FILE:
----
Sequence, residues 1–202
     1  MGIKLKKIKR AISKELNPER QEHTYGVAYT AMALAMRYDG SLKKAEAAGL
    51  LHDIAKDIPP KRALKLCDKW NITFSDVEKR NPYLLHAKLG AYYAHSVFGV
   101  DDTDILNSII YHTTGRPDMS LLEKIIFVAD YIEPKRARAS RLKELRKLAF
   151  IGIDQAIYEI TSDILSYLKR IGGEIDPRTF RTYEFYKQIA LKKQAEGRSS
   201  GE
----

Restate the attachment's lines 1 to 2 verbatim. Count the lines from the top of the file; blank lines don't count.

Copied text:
Sequence, residues 1–202
     1  MGIKLKKIKR AISKELNPER QEHTYGVAYT AMALAMRYDG SLKKAEAAGL